Oil Gives up Early Gains to Close Lower Tuesday
By Adedapo Adesanya
Oil prices shed earlier gains on Tuesday as President Donald Trump in a speech offered few new details about the United States trade talks with China.
As at 9pm Nigerian Time on Tuesday, the Brent crude futures were trading down 13 cents or 0.21 percent at $62.05 per barrel after rising to as high as $62.50 earlier in the day.
On the other hand, US West Texas Intermediate (WTI) crude was also down 6 cents or 0.11 percent at $56.80 per barrel, having hit up to $57.09 per barrel on Tuesday morning.
President Trump, speaking to the Economic Club of New York on Tuesday, gave out mixed signals about the US-China trade talks and excluded much details about any progress in negotiations. The oil markets, which is keen for any update on the talks, quickly appreciated as a result of this.
However, on Saturday, the US President had said that talks with China were moving along “very nicely” but the United States would only make a deal if it was favourable. He also noted there had been incorrect reporting about US willingness to lift tariffs.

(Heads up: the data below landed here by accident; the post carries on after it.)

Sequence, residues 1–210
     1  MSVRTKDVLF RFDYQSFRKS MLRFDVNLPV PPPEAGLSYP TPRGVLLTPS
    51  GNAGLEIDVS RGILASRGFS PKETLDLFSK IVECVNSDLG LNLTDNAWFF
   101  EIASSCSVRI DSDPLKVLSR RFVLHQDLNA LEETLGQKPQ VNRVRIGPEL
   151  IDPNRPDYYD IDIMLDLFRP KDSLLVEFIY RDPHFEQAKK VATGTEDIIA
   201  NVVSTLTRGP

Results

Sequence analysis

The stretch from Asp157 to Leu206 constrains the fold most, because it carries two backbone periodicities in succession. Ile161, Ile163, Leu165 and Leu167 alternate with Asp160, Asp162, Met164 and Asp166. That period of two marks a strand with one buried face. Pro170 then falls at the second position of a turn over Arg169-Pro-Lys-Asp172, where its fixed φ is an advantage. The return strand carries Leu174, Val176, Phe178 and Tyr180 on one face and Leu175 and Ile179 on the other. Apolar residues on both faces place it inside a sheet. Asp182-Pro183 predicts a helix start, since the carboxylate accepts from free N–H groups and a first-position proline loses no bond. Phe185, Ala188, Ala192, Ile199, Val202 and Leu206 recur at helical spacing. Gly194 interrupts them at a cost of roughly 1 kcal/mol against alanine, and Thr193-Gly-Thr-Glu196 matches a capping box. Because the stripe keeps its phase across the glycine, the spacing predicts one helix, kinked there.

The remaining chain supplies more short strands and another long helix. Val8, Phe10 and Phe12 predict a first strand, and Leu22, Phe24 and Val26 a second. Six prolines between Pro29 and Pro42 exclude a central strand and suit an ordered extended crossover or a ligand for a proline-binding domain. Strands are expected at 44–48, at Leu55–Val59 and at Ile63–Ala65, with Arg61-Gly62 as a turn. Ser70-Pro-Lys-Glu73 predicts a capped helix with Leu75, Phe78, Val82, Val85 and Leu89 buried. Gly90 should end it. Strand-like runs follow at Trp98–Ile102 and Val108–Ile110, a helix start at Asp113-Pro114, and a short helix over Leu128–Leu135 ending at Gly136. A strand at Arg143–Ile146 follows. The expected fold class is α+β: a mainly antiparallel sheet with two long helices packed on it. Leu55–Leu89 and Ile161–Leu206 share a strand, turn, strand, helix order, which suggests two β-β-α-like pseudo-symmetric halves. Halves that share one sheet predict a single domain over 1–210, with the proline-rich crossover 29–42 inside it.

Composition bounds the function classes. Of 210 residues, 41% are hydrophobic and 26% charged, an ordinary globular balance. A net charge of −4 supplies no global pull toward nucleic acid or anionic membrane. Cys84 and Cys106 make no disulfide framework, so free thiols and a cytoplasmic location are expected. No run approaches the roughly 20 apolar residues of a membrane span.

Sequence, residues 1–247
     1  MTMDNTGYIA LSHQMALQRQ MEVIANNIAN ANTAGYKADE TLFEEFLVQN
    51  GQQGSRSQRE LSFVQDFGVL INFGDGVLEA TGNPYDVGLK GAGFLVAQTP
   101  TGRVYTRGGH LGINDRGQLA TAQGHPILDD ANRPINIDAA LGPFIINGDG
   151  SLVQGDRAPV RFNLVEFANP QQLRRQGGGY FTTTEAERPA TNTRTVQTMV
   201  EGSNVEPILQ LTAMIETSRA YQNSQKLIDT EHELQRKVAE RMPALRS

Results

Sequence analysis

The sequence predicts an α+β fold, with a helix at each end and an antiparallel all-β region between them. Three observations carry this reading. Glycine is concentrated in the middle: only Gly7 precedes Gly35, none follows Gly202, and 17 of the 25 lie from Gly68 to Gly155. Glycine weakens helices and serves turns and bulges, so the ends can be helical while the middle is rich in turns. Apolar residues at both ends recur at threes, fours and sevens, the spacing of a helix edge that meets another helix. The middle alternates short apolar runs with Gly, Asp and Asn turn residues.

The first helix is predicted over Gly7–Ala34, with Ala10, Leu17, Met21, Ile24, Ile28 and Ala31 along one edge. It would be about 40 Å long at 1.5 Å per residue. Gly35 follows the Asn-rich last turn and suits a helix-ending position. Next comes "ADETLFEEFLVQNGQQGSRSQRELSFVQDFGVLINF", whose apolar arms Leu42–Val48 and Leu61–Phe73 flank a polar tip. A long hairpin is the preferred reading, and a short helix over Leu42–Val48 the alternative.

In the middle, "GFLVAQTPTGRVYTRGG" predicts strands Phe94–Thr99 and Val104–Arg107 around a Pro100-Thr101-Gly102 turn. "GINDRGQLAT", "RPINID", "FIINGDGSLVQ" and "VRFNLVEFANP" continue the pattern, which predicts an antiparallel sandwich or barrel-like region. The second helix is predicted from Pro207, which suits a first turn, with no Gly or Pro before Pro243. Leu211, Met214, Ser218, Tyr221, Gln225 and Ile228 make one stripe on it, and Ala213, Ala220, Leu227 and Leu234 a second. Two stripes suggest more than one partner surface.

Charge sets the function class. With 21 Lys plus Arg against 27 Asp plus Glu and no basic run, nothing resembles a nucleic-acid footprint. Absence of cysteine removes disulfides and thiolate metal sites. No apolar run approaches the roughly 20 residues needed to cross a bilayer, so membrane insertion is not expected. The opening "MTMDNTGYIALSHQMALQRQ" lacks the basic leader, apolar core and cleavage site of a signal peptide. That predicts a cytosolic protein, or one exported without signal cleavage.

Oil prices had also received boosts folllowing US data showing that crude inventories at Cushing, the delivery point for WTI, fell about 1.2 million barrels in the week to November 8 according to market intelligence firm, Genscape. This means that Cushing inventories had now grown for five weeks in a row through November 1.
CNBC reports show that crude stockpiles in the US were forecast to have risen last week for a third week in a row, according to a poll ahead of government data due on Thursday showed. It was revealed that Weekly energy data has been delayed a day due to the Veterans Holiday on Monday.
On the supply side, the actions of the Organisation of the Petroleum Exporting Countries (OPEC) and its allied producers pushed Brent as it recorded a 16 percent rise so far in 2019.
The cartel had cut production output by 1.2 million barrels per day to its members in a deal that would run till March 2020, but recently, there had been talks that they won’t push for deeper oil supply cuts when they meet next month in Vienna on December 5 and 6 to review the policy.
It was said that the member states and allies may stick to their current output targets and encourage producers to comply more fully with those targets.